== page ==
Editor's Note: We're very pleased to welcome David Gerrold, an acclaimed and prolific science fiction writer, to Maximum PC as a regular columnist. David, best known for his numerous contributions to Star Trek and Star Trek: The Next Generation, will share his thoughts on topics including the influence of science fiction on technology, the develop of tech trends, and notable technologists.
I try not to tell people I write science fiction. Too often, that turns into a conversation I don’t want to have: “Dude, it’s already ten past 2000. Where’s my flying car? Where’s my jetpack? Where’s my Lunar colony?”
This is "The Y2K Meme," the idea that the future was supposed to start in the year 2000 and we forgot to build it. And of course, because science fiction writers (allegedly) predicted all these glorious futures, it’s our responsibility to explain why it didn’t happen.
This meme began at least a century ago. The father of modern science fiction, Hugo Gernsback, made specific predictions about the future, everything from motorized roller skates to night baseball. Within a short time, many science fiction writers were functioning as futurists, telling tales of fabulous technologies to come.
Hugo Gernsback, the "Father of Science Fiction"
Heinlein wrote about cell phones and waldos, dilating doors and roads that roll, even atomic powered rockets traveling to the moon and Mars. Asimov told us about wall-sized 3D televisions and robots. Arthur C. Clarke predicted communication satellites and space stations. And my personal favorite, Murray Leinster wrote about a worldwide computer network used for shopping, entertainment, and education. Many of these technologies were pegged to specific dates in the forseeable future, so by the mid-fifties, it was generally accepted that the year 2000 would be a brave new world.
What we really missed is that the future creeps up on us one day at a time, like raising the temperature of the water one degree at a time so the lobster won’t notice. (I think the lobster notices, I really do, but that’s a different conversation.)
But it’s now obvious that the future stands firmly rooted in the past that produced it. Instead of the future we predicted, we got the future we built. And the future we built is a lot more functional than the one we dreamt.
Doors open for us automatically. Cars map the route to our destination and tell us how long it will take to get there. We watch movies on wall-sized screens with multi-channel sound. We talk to people all over the world on phones that fit in our pockets. Our three-pound computers have more processing power than all the computers that existed in the year 1970 combined. Our notebooks give us video chats and our cameras take movies and stills with resolution equal to or better than film. We have global access to an unlimited library of entertainment, movies, music, books, and educational material. We have medical devices that do full-body scans. We use lasers for almost everything — to read and write data on discs, to cut, to cauterize, to burn, to measure, to scan, and best of all, to tease the hell out of cats.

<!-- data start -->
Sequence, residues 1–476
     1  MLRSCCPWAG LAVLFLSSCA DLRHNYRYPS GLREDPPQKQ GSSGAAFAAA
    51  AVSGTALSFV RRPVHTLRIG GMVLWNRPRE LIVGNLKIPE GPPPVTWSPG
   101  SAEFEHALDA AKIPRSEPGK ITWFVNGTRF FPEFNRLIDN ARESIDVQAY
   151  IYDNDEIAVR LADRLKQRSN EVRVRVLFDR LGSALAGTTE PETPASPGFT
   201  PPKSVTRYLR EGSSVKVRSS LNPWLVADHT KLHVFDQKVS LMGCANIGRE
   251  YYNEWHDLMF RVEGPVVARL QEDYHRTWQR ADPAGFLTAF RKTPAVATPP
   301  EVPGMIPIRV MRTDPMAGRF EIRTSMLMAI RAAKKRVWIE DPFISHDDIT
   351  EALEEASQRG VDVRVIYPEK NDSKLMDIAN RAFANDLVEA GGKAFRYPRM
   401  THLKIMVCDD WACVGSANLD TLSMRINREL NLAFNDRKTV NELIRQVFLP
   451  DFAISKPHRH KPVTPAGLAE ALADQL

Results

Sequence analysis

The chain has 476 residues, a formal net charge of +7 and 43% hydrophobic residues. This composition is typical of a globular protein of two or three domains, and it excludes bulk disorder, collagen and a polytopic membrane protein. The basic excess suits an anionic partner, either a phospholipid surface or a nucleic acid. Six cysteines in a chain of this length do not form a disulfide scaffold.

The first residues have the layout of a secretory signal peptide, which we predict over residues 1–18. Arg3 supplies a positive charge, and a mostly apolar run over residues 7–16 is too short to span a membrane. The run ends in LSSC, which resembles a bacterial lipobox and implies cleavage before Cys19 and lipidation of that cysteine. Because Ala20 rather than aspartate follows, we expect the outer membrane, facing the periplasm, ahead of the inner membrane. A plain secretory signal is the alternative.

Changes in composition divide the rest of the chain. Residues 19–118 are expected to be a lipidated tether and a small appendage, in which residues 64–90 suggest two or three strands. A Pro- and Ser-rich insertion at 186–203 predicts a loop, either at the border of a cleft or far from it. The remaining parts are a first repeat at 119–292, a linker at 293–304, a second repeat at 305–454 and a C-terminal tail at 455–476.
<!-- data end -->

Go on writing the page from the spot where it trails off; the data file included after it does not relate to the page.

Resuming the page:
Okay, we don’t have rolling roads, dilating doors, jet packs, or flying cars. Why not?
Because they’re not cost effective, they’re not practical. They don’t give us utility. Technological possibility is not the same as practicality. Prediction does not guarantee production.
Part of the geek-appeal of the original Star Trek television series was that much of what it portrayed about the future was based on practicality. (Thank Gene Roddenberry, Bob Justman, Dorothy Fontana, and Gene L. Coon.) The starship’s computer understood human speech and responded with appropriate information. The doors of the Enterprise always opened for an approaching person (unless the grip forgot to pull the cord in time). Communicators flipped open and gave you instant access from anywhere. Medical beds gave real-time reports on patient health. Those were things that were understandable, desirable, and ultimately build-able.
During the first two years of the series, Star Trek’s production offices regularly received letters from people who wanted to implement the future portrayed. Architects asked where they could get sliding doors like the ones seen on the show for buildings they were currently designing. Medical engineers wanted to study sick bay’s med-beds. The US Navy came by to study the starship’s bridge. Two engineers watched an episode that showed a data stored on large silver disks (vinyl records painted silver) and began to speculate on how to store data optically; five years later, they demonstrated the first laserdisc player, the forerunner of all optical disc storage. And while the ships computer was under-used in most episodes, it certainly understood human speech well enough to be useful.
But the technology that surrounds us today, whether inspired by Star Trek or not, the things listed here (and a whole lot more) moved from the realm of prediction into the domain of production because a lot of smart people saw the value of researching, designing, and building the technology.
And that’s the point. The future we built is the future we built because this is the future we really wanted to build. Science fiction is great for imagining possibilities. Inevitabilities are something else entirely.
David Gerrold is a Hugo and Nebula award-winning author. He has written more than 50 books, including "The Man Who Folded Himself" and "When HARLIE Was One," as well as hundreds of short stories and articles. His autobiographical story "The Martian Child" was the basis of the 2007 movie starring John Cusack and Amanda Peet. He has also written for television, including episodes of Star Trek, Babylon 5, Twilight Zone, and Land Of The Lost. He is best known for creating tribbles, sleestaks, and Chtorrans. In his spare time, he redesigns his website, www.gerrold.com